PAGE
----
Foundry United Methodist Church

Rev. DeeAnne Lowman, Associate Pastor




 Being Beloved Can Be Hard

Sunday, January 11, 2009



Mark 1: 4-11


Rev. Dee Lowman


It is good to be back with you all following the adoption of our son, Max.  I am very thankful to all of our staff who supported me and my areas of ministry during our time of bonding with our son. He appears happy and healthy and glad to be at home with his dad.  He might be more fun than Mama, but Mama makes sure he isn’t wearing the same onesy for three days straight.


Will you pray with me…

God of both the spectacular and the ordinary,  
Help us to seize all the opportunities we are given for renewal –
of mind, of body, of spirit.
Help us to see them and respond with grateful and eager hearts.
Help us to receive your touch, your holy embrace that reminds us that we are, indeed, your children.

And God, if not because of my words and my ways, but in spite of them, may your word and your way be known.

John the Baptizer was out, “proclaiming” the need to repent of sins and to be baptized as a symbol of that turning toward God and away from sin.  He saw that most folks were living as though they didn’t know or remember the Law.  They were essentially living as gentiles, so he invited people to renew their commitment to living faithfully through baptism. Throughout human history water in many faith traditions has been a way to signify some kind of washing away or conversion to a new/renewed life.  While Mark’s description of John is rather mild, John is often portrayed in both secular and religious depictions as a shouter, a screamer, and very impatient. In Luke’s rendition of the events of this passage, John is not out merely “proclaiming” about repentance but says to the crowd who has come out to be baptized, “You brood of vipers! Who warned you to flee from the wrath to come? Bear fruits worthy of repentance.” (Luke 3:7-8) I found this Christmas card by Will Humes that I think says it all.



I’ve often thought of Mark’s Gospel as sort of the Reader’s Digest Condensed Version of the life of Jesus.  There is no birth narrative in Mark – no star in the east, no stable, no inn, no shepherds.  The story from Mark’s perspective pretty much begins with John the Baptizer telling people about changing their lives and then introduces everyone to his much better cousin, Jesus, who will help them do just that.  But before Jesus actually begins his work and life of ministering to people, he goes to where others are going – down by the river to be baptized by John.  Again most art about this event is about the same.  It looks like Jesus is having an ok time, even a joyous one.  And then there is the dove that descends, and God speaks and Jesus is beloved.  A solemn, even calm portrait.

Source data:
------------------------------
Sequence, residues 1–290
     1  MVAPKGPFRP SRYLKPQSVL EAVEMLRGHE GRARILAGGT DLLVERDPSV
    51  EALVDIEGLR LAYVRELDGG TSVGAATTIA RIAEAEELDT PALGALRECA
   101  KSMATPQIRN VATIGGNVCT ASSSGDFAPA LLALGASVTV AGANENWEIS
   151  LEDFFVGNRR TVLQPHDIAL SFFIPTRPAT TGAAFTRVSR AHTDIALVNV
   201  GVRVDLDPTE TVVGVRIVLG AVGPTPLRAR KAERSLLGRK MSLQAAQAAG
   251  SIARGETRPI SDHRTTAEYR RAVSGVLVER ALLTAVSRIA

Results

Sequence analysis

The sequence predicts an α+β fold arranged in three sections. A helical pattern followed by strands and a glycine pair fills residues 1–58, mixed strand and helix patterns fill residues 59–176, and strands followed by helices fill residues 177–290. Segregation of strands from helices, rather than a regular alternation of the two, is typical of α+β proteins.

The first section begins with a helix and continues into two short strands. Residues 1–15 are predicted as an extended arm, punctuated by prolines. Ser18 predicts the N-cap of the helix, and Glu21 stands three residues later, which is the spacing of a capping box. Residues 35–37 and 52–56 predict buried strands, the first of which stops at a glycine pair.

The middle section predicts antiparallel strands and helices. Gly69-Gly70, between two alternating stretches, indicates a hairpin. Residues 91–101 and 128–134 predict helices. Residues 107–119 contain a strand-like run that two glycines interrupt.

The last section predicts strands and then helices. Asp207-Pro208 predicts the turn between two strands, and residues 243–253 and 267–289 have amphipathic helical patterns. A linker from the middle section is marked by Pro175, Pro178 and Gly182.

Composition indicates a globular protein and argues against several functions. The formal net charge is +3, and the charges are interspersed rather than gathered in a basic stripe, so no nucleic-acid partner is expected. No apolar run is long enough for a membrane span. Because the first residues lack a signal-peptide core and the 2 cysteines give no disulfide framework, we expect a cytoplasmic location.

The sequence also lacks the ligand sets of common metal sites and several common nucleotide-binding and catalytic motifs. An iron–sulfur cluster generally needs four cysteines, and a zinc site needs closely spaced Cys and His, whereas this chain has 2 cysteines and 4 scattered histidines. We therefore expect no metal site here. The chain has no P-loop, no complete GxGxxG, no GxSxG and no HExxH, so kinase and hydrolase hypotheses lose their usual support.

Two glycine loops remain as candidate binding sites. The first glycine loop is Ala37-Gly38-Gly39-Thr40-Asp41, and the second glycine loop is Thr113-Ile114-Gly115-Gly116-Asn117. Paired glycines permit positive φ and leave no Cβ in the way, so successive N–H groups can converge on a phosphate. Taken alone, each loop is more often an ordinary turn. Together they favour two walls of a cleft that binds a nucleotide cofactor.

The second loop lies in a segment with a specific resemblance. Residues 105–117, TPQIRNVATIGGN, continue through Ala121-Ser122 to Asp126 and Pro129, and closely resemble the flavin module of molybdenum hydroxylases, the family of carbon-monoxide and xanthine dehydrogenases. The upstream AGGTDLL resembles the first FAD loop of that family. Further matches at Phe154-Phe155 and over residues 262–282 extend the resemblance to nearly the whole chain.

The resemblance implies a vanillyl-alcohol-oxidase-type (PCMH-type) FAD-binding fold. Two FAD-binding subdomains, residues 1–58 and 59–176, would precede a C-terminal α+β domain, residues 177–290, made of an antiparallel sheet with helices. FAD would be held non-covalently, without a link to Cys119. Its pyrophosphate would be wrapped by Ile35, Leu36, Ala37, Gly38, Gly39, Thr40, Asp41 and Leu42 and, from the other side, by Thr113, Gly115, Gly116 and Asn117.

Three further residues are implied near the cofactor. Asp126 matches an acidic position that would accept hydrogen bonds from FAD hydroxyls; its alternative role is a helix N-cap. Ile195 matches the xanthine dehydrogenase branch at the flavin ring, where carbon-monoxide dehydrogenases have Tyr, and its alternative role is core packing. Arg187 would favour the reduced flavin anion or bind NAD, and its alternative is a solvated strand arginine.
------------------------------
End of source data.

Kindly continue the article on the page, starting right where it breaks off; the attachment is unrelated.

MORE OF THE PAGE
In other gospel accounts of this scene God appears to be heard by others.  But in Mark’s gospel, it is unclear if anyone else is really privy to the declaration of God that Jesus is the beloved son.  In fact, God says “you are my son” not “this is my son.” So if no one else hears this, what power is given to Jesus – what authority is given to him at this moment?  What does Jesus gain from this?  What does this mean for him or for anyone else?


Just before we left to adopt Max, we had a conference call with all the people who would be traveling about the same time as we did for the same reason – going to meet their long awaited and already loved children from orphanages and foster homes in China .  We were like the others – we had seen our child only in a few pictures, but had fallen in love with him.  He was ours before he was in our arms.  In that call we spoke of many things, but one thing that our facilitator said to us suddenly changed everything for me.  She was cautioning us that, while we had been waiting weeks and even years to meet our child, they hadn’t been waiting for us at all.  They would be leaving perhaps the only place they’d ever live, the only people they’d ever known who we assume loved them – to come and be with us.  We certainly knew that our child might be a little upset about leaving, but once he met us and knew how much we loved him already everything would be fine.  Being loved by us would be easy.  Being loved and cared for by Dee and Chris –these cool parents – would be great fun.  He would certainly see that right away and we’d begin our time of being one happy family.  Here’s what happened.  There’s no sound, but there doesn’t need to be.
Meeting Max 


I’m not so sure that Jesus loved being beloved all the time. Being beloved isn’t always easy.  In fact, it can be downright awful if it’s not what you want or what you were expecting. After that wonderful scene where Jesus is bathed in light and the Spirit descends and the voice of God speaks, Jesus is driven out into the wilderness BY THE SAME SPIRIT that just descended on him and then he’s tempted in this wilderness by none other than Satan.  So this is what it means to be beloved?  So this is what I get for pleasing God?